Material costs pressure contractors
Construction costs again outpaced other producer prices in June but contractors remained unable to recoup the costs through higher bid prices, according to an analysis of producer price index figures released July 14 by the Associated General Contractors of America. Association officials said the ongoing cost squeeze will put new pressure on construction firms to reduce staff and possibly close.
“Despite a one-month dip in the prices of some key materials in June, construction costs rose on a year-over-year basis at the highest rate since 2008,” said Ken Simonson, the association’s chief economist. “Worse, prices are rising amid continued layoffs and construction spending levels that hit an 11-year low in May.”
Simonson noted that the producer price index for all construction materials inched down 0.1 percent in June but increased 8.3 percent over the past 12 months, and the index for finished goods climbed 7.0 percent over 12 months. Meanwhile, the price of finished buildings was unchanged in June and rose only 2.0 percent or less over the past year, depending on building type.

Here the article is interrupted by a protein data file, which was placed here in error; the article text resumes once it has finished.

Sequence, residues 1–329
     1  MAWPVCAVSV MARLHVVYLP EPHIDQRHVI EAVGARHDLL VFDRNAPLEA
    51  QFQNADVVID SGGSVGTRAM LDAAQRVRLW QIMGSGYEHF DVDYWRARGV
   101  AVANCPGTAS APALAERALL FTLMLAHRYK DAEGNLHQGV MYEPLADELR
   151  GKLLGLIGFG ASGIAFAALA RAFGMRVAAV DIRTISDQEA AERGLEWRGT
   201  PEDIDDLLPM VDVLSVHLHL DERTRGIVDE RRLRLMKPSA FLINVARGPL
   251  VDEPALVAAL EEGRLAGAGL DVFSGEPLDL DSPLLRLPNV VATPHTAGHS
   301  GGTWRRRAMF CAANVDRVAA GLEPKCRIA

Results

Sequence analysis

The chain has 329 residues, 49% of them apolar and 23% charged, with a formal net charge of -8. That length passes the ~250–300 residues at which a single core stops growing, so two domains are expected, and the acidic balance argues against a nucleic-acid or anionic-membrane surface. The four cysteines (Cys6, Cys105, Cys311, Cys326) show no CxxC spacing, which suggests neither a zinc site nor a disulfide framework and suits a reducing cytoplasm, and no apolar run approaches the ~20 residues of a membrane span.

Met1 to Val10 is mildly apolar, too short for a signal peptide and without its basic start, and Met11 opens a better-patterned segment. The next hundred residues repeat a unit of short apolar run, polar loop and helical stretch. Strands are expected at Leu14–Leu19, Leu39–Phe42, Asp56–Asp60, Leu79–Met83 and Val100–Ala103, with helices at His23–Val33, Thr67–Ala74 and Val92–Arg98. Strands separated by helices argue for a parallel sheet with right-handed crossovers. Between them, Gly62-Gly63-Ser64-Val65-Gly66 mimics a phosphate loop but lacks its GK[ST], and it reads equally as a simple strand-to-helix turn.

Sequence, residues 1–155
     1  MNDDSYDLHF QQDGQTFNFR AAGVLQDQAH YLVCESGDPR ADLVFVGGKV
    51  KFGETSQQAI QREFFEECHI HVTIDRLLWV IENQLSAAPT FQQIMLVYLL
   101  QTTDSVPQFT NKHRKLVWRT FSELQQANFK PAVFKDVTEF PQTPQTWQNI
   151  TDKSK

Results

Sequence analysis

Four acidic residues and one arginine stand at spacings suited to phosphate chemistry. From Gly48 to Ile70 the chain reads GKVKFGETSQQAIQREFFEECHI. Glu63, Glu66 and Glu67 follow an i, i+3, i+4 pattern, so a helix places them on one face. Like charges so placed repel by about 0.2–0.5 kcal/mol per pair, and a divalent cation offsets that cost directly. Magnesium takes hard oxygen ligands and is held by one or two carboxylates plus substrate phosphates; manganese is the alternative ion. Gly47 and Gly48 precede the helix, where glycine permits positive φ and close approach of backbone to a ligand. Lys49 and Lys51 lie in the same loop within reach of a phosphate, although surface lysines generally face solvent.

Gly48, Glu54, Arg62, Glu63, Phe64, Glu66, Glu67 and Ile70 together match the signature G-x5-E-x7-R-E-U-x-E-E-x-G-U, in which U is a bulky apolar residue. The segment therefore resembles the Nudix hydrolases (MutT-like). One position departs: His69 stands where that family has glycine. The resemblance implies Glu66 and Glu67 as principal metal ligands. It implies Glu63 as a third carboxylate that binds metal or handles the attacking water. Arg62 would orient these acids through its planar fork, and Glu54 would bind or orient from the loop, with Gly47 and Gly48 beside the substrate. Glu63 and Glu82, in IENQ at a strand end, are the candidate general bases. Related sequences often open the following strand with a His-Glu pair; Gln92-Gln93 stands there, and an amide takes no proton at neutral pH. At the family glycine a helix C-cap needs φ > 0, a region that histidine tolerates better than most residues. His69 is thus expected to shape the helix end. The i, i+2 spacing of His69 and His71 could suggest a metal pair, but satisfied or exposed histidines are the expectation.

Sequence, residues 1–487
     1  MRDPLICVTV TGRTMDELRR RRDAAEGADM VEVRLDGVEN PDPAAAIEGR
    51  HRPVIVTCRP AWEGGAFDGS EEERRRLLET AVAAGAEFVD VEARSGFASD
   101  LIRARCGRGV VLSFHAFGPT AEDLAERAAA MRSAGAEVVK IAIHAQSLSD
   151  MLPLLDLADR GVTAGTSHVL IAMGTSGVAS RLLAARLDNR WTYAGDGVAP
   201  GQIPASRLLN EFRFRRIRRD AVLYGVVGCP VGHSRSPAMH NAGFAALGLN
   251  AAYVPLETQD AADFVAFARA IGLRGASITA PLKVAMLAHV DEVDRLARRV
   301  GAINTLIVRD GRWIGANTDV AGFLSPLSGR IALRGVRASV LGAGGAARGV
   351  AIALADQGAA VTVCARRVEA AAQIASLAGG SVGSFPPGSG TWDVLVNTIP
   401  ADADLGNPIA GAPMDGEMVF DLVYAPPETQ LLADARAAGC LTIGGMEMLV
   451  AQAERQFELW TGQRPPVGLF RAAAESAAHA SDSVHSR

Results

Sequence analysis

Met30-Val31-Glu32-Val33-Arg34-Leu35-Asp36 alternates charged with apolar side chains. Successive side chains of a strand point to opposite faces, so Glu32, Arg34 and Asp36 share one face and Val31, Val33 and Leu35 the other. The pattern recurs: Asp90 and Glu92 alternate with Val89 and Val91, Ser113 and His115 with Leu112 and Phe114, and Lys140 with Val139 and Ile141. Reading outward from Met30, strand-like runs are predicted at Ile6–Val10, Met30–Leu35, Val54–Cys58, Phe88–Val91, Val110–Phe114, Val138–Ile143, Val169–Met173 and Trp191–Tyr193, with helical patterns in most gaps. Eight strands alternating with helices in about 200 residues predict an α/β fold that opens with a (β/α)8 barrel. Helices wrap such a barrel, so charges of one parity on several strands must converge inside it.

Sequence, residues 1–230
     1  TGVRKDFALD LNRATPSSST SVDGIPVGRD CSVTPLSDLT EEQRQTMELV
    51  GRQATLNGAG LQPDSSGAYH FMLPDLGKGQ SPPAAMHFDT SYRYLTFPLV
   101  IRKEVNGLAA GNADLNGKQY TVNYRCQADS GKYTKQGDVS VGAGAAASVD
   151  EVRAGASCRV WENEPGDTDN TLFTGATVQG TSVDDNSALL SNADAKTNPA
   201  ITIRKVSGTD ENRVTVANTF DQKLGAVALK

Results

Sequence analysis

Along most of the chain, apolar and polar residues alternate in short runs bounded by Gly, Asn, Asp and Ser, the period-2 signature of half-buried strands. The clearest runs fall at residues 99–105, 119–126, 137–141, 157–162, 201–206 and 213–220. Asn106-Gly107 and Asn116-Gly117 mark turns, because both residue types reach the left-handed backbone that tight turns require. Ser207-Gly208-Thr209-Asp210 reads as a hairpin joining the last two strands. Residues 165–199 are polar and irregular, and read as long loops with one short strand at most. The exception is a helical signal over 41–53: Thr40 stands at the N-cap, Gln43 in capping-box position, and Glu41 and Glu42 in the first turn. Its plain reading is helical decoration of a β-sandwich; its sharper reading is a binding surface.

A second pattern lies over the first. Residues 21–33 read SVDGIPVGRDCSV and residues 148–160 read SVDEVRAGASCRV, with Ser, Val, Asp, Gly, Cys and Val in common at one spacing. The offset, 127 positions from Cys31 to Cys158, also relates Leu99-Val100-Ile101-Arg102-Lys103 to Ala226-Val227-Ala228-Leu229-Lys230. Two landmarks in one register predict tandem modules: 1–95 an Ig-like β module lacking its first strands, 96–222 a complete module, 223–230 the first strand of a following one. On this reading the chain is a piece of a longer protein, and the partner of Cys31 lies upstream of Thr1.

Simonson said outsized year-over-year price increases for construction were attributable to the indexes for diesel fuel and metals. The index for diesel rose 50 percent since June 2010. Among key metals over the past 12 months, prices for copper and brass mill shape climbed 26 percent, aluminum mill shapes rose 17 percent; and steel mill products saw a 7.0 percent hike from a year earlier.
“All of these materials are in worldwide demand, with supplies that are either tight or threatened by international turmoil,” Simonson said. However, he said “in contrast, materials that go strictly for construction have dropped in price as demand remains weak.” He cited as examples the price indexes for gypsum products such as wallboard, which fell 7.4 percent over 12 months; lumber and plywood, which dropped 4.1 percent; and concrete products, which fell 0.2 percent.
Association officials said that given the continued economic pressures on the construction industry, Congress and the White House should reconsider planned cuts for infrastructure maintenance that will only increase taxpayer burdens over the long-term. “Allowing our highways, bridges and public structures to degrade will make matters worse for the construction industry and force taxpayers to pay more to fix broken buildings and infrastructure,” said Stephen E. Sandherr, the association’s chief executive officer.